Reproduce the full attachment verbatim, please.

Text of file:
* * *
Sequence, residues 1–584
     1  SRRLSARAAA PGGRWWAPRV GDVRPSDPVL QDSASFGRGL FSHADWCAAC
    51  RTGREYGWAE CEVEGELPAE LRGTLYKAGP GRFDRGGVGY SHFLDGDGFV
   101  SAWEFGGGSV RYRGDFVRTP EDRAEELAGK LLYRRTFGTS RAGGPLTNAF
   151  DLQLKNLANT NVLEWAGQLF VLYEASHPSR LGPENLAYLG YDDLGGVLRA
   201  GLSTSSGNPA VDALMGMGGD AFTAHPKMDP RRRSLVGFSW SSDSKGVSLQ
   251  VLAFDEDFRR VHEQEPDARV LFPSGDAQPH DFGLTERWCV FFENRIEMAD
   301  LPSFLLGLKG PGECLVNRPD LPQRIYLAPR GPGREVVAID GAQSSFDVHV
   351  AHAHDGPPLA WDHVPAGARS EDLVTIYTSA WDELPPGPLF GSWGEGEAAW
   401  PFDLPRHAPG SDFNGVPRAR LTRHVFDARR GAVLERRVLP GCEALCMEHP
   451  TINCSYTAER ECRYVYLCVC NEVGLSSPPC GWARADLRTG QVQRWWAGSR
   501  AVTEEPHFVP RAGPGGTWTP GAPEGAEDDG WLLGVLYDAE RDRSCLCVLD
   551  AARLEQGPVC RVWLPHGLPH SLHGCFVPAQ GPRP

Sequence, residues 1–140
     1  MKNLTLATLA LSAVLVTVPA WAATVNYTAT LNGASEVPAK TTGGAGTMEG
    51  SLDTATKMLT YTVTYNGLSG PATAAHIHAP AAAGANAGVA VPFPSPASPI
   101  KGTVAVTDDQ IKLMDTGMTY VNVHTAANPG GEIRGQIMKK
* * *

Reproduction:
Sequence, residues 1–584
     1  SRRLSARAAA PGGRWWAPRV GDVRPSDPVL QDSASFGRGL FSHADWCAAC
    51  RTGREYGWAE CEVEGELPAE LRGTLYKAGP GRFDRGGVGY SHFLDGDGFV
   101  SAWEFGGGSV RYRGDFVRTP EDRAEELAGK LLYRRTFGTS RAGGPLTNAF
   151  DLQLKNLANT NVLEWAGQLF VLYEASHPSR LGPENLAYLG YDDLGGVLRA
   201  GLSTSSGNPA VDALMGMGGD AFTAHPKMDP RRRSLVGFSW SSDSKGVSLQ
   251  VLAFDEDFRR VHEQEPDARV LFPSGDAQPH DFGLTERWCV FFENRIEMAD
   301  LPSFLLGLKG PGECLVNRPD LPQRIYLAPR GPGREVVAID GAQSSFDVHV
   351  AHAHDGPPLA WDHVPAGARS EDLVTIYTSA WDELPPGPLF GSWGEGEAAW
   401  PFDLPRHAPG SDFNGVPRAR LTRHVFDARR GAVLERRVLP GCEALCMEHP
   451  TINCSYTAER ECRYVYLCVC NEVGLSSPPC GWARADLRTG QVQRWWAGSR
   501  AVTEEPHFVP RAGPGGTWTP GAPEGAEDDG WLLGVLYDAE RDRSCLCVLD
   551  AARLEQGPVC RVWLPHGLPH SLHGCFVPAQ GPRP

Sequence, residues 1–140
     1  MKNLTLATLA LSAVLVTVPA WAATVNYTAT LNGASEVPAK TTGGAGTMEG
    51  SLDTATKMLT YTVTYNGLSG PATAAHIHAP AAAGANAGVA VPFPSPASPI
   101  KGTVAVTDDQ IKLMDTGMTY VNVHTAANPG GEIRGQIMKK